Motivation and emotion/Book/2015/Consumer motivation
What motivates consumers to purchase?
Overview[edit | edit source]
Humans consume more then any other creature on earth; and as humans almost none of the products we consume we produce ourselves; therefore most of the items we consume we must purchase. What are the motivations that cause us to purchase a given product? Our most basic motivations involve motives that help us to survive, such as the motivation for food, shelter, and water. Although are these basic motives the only reason why we as humans purchase goods and services? This chapter sets out to discuss reasons why humans purchase goods and services, and examine Maslow’s Hierarchy of Needs and determine whether the model can be used to adequately describe processes and reasoning as to why humans are motivated to purchase goods and services.
The motivation of a consumer purchasing a given product can be broken into human “Needs” and “Drives”. A need is an innate physiological desire basic to human beings, and when this need is activated it becomes a motive. A drive refers to a psychologically stimulated need that an individual seeks to satisfy (Winston, 1989). For, example when your body becomes dehydrated, the corresponding physiological need is thirst; the corresponding psychological drive is obtaining a drink to replenish the body’s water deficit. In the context of this chapter where does this water come from? It can argued that reason that a person purchased a bottle of water was due to their need to fulfil there basic human needs. Although does this suggestion work with all basic human needs . Although it can be argued that humans purchase items necessary for human life to continue, such as food and water, it does not explain why humans would buy seemingly “wanted” items, such as luxury items like a new phone or new television.
Advertising and specifically sponsorship is a large contributing factor to whether a consumer purchases or does not purchase a given product. Advertisers do this in many ways, such as direct advertising where an advertiser directs an advertisement at the viewer, or through the use of sponsorship. The important question is how does this adverting work and is there a link between advertising and the basic human needs to where a person will make a purchase? Maslow’s Hierarchy of Needs is not the only theory or model available that be used to explain why and how advertising works, or how it is used to motivate a consumer to purchase a product. Maslow’s Hierarchy of Needs explains well the reasoning why a consumer would purchase a specific product and each level of the hierarchy is useful for explaining different purchases a person would make, such as the lower level of the hierarchy explains the most basic motives for a consumer to purchase goods and services in relation to basic human needs such as food, water or shelter that are needed to sustain life, the higher levels of the hierarchy can be used to explain why a person would purchase seemingly not as important human needs such as items to do with esteem and social standing (Saroja & Gomez‐Arias, 2008).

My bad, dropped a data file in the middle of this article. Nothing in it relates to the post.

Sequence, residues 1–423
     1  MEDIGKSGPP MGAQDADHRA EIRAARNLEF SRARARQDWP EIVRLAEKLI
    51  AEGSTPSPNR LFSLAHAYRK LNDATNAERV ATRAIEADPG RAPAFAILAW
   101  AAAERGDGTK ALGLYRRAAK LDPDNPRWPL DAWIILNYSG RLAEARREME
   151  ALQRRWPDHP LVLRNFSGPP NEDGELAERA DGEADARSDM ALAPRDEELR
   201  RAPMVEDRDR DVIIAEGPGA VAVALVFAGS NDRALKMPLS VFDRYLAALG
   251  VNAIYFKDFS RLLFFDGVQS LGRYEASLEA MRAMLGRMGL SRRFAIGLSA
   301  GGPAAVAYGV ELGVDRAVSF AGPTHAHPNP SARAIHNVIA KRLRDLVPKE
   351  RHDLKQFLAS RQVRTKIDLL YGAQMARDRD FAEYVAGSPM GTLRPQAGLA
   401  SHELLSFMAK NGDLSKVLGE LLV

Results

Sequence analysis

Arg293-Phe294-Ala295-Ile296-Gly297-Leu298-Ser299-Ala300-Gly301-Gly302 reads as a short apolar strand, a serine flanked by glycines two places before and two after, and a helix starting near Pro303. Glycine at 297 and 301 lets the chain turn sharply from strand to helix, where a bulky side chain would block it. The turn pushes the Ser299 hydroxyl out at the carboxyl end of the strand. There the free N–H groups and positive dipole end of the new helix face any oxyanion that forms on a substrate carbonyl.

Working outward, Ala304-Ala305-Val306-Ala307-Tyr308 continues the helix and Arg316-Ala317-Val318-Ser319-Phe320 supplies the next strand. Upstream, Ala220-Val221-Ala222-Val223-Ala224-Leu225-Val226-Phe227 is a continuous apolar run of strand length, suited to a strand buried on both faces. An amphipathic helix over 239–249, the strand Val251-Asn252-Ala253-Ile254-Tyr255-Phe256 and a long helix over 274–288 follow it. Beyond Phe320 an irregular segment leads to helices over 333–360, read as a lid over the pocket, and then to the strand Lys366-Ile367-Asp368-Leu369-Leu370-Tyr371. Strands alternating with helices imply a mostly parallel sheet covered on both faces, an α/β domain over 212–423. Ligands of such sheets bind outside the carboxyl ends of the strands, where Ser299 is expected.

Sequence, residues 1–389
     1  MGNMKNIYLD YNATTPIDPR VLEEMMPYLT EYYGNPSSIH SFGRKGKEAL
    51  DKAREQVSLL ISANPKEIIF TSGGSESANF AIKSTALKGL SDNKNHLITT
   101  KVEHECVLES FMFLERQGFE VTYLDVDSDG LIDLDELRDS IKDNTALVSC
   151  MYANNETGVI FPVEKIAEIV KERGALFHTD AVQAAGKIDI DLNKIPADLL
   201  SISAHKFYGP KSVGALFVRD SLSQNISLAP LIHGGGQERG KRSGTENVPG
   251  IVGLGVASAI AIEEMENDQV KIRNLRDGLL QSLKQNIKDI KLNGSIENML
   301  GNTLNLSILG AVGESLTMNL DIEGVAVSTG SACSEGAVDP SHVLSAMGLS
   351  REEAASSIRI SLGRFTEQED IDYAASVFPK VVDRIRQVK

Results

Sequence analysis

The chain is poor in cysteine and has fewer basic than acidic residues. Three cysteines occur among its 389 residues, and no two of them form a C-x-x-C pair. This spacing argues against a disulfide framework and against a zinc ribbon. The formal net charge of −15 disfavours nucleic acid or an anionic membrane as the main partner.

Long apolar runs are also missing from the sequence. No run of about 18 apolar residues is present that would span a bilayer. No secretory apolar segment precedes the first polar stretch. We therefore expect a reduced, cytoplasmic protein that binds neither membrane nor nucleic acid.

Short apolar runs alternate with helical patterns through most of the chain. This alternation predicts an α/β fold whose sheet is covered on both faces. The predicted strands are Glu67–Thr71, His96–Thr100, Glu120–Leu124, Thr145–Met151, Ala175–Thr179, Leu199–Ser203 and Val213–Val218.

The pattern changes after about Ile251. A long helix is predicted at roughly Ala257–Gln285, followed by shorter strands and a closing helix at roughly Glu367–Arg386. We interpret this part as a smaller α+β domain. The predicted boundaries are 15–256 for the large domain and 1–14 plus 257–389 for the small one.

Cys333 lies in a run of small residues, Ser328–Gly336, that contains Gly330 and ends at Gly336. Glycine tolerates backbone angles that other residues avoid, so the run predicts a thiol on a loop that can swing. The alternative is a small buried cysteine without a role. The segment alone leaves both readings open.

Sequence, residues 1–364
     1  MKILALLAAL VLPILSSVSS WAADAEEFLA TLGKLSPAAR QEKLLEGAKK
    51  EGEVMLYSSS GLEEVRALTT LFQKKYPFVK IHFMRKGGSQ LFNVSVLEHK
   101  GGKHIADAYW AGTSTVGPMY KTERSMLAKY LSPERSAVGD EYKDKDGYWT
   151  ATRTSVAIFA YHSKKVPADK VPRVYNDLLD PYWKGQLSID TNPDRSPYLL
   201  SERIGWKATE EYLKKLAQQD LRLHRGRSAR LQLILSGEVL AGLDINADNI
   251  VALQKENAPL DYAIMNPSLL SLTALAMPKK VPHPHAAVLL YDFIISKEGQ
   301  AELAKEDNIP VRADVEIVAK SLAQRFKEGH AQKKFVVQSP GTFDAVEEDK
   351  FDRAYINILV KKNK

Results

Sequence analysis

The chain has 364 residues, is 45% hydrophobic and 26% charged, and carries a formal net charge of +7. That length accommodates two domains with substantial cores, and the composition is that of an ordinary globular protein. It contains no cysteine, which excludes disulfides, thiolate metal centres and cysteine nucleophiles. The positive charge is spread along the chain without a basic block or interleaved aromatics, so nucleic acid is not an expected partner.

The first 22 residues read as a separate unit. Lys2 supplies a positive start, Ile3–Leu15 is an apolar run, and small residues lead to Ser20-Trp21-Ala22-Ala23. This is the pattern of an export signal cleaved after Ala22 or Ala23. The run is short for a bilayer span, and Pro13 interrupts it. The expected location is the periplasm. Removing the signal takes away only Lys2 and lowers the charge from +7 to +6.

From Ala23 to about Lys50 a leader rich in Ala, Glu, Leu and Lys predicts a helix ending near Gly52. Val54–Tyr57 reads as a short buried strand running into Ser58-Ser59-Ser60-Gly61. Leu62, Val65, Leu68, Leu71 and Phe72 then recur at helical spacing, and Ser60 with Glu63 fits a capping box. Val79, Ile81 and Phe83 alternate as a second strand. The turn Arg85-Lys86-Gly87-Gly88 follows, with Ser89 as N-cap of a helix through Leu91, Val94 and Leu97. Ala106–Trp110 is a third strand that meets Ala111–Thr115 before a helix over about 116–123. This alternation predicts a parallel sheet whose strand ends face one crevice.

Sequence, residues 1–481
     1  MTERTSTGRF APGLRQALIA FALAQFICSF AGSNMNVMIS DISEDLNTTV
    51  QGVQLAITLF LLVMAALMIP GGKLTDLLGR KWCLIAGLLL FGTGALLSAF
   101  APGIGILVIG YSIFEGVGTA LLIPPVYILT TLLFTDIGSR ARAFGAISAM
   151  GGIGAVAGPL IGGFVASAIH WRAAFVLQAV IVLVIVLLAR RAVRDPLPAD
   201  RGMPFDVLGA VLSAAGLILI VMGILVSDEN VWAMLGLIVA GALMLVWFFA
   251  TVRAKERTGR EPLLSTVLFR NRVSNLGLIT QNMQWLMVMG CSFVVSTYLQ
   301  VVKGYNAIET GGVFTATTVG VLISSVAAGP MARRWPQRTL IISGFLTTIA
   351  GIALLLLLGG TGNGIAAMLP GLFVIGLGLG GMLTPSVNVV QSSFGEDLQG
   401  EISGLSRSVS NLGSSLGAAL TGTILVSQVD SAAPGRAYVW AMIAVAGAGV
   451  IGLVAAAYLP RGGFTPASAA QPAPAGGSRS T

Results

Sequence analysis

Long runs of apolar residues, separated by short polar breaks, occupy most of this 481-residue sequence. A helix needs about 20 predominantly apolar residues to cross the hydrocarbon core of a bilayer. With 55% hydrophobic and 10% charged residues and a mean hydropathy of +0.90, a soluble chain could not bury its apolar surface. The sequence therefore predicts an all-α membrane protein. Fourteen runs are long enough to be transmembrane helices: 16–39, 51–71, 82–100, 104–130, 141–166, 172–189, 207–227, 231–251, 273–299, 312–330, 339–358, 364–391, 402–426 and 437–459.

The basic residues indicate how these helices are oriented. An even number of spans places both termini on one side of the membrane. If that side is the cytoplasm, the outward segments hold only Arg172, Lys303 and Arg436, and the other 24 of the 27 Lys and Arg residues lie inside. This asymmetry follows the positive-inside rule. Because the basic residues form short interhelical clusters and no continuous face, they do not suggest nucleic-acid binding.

What is Consumerism? [edit | edit source]
Although the consumer movement can be traced as far back as the early 1900s, the actual term “consumerism” is a relatively new and only dates back to 1944. Since this origin of the term, the definition has changed considerably from referring to consumer cooperation to a modern meaning which has negative connotations towards excess materialism (Swagler, 1994). The term consumerism, was first documented in The New Republic in 1944, in the context the author was referring to consumer cooperatives and was encouraging elimination of waste in retail and wholesale distribution. The term consumerism, in terms of the consumer movement was not used later until the mid 1960’s; in this context the term referred to the positive was to describe the consumer movement. This Consumer Movement encouraged consumer rights and protection laws (Hilton, 2007). A modern view of consumerism is still defined as a social movement to inform consumers so that they can make knowledgeable judgements regarding purchases (Meyer, 1981). Although this is an accurate definition of consumerism it does not describe the negative social connotations of the term, Modern consumerism can be referred to as an ideology that encourages excessive acquisition of goods and services in increasing amounts, 95% of Americans believe that most of their fellow Americans were overly materialistic (Huneke, 2005). This leads us to question, what leads us as consumers to purchase?
What is a consumer, what is a purchase and why do we purchase? [edit | edit source]